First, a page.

Tips for successfully teaching your teen the responsible way to use credit cards:
Now that your teen has a credit card, here are a few ways to make sure you’re teaching them responsible habits:
- Have your teen pay the balance: Since your teen already has a checking account, there’s no reason why they can’t pay off their credit card balance each month. This also helps them see the connection between purchases made on their card and the aggregate due.
- Encourage teens to keep track of what they’ve charged: Since it’s important to determine how close they are to their monthly limit, have your teen keep a ledger of what they’ve purchased.
- Decide which items are acceptable to put on a credit card: Some families may want to make rules about what can and cannot be charged to a credit card. No matter what, the emphasis should be on teens primarily paying through their checking account with a credit card as a backup.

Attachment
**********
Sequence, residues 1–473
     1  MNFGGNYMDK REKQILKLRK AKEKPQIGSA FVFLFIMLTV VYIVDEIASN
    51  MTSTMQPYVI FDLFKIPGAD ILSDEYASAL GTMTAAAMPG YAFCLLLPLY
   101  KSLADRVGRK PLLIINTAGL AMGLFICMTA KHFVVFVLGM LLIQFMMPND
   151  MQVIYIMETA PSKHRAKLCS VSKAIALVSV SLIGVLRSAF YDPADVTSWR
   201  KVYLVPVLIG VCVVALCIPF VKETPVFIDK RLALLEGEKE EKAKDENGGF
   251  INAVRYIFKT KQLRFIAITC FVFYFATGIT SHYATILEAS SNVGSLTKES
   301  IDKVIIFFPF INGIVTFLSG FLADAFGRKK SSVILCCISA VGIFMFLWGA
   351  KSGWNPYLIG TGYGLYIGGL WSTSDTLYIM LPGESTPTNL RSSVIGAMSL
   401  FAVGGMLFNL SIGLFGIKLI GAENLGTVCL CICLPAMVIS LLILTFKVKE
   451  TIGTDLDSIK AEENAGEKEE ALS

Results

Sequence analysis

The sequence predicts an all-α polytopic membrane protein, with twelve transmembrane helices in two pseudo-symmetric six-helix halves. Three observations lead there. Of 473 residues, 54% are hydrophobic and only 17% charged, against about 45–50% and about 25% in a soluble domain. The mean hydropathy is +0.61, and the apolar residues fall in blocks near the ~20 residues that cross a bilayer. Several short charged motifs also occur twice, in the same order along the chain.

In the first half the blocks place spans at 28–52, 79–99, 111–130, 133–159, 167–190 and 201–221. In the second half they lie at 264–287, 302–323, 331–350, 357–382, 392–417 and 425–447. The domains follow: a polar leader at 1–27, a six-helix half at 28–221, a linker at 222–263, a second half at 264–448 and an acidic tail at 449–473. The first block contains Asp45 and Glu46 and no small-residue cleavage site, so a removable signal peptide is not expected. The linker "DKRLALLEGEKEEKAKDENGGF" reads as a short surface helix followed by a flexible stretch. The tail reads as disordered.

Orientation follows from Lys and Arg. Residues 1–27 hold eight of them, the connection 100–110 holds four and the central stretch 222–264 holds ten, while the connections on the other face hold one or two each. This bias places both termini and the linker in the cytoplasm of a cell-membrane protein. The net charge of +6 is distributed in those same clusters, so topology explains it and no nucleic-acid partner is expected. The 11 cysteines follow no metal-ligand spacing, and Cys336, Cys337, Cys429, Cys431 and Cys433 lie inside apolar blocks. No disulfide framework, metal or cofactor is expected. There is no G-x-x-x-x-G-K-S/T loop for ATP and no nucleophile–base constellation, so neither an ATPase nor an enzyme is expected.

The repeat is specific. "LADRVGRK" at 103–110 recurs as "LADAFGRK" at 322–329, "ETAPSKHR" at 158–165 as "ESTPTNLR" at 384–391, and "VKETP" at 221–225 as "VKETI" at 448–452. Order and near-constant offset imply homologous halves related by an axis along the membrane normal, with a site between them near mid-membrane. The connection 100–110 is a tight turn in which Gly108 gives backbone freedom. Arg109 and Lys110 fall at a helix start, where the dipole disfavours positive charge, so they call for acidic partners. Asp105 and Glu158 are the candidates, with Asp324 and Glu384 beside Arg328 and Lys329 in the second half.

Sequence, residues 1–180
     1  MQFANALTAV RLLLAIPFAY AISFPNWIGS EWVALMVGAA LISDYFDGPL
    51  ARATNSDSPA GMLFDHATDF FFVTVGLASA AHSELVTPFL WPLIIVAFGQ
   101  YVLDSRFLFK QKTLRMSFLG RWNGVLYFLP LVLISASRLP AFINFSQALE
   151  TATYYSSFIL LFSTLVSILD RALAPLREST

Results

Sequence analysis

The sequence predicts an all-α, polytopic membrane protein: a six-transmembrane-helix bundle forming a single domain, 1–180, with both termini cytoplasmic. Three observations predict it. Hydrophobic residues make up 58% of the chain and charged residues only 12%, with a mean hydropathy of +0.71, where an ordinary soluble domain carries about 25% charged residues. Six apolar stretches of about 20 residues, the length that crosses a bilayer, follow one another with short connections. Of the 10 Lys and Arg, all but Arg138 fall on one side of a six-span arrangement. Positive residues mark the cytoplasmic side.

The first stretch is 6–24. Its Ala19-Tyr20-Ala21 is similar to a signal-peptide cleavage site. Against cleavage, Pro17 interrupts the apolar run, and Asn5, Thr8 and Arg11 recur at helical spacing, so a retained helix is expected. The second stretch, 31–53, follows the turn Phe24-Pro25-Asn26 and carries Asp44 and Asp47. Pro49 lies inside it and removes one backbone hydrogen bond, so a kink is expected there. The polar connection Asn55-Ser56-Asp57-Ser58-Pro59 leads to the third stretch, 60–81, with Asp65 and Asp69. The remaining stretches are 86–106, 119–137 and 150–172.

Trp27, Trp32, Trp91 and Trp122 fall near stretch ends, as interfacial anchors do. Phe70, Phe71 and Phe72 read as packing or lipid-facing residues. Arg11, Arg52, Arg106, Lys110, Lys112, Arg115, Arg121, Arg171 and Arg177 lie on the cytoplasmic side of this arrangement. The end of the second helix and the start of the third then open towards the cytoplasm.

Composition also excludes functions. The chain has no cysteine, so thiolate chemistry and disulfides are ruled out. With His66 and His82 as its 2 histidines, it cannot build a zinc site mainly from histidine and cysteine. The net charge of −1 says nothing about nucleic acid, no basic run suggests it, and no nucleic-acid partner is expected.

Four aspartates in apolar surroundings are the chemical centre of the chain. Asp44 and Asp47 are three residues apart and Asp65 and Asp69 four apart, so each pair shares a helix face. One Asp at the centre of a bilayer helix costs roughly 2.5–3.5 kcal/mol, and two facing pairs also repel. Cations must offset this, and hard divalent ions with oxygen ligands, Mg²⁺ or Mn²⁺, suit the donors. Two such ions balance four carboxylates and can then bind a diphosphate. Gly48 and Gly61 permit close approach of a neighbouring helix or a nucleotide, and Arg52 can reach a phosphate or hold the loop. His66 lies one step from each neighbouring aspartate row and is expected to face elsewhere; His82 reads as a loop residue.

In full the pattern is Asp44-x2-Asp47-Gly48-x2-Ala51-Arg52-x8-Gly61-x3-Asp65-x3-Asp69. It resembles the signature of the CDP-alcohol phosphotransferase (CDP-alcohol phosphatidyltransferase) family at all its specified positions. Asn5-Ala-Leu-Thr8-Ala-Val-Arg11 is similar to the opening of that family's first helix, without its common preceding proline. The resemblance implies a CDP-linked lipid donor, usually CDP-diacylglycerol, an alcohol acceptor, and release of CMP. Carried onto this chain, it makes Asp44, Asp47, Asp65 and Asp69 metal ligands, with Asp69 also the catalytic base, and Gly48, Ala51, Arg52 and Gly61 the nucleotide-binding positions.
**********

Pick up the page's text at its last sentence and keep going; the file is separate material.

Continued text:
- Set a limit to how much can go on the card: Similiar to what can be purchased on the credit card, some families may want to set limits to the amount teens can charge each month. Finding a card with a low credit limit can help.
- Remember your teens are watching you: Setting a good example for kids and teens isn’t always easy but can make a lasting impression. If you do make a mistake, talk to your kids about it and let them learn from it.
- Whatever you do – don’t bail them out: One of the most important steps a parent can take is to never bail out a teen who’s in debt. Of course, assuming all the steps above have been followed, the debt incurred isn’t likely to be catastrophic, and your teen should be able to pay it off with careful planning. Bailing out a teen won’t teach them the limits of money or the pitfalls of misused credit.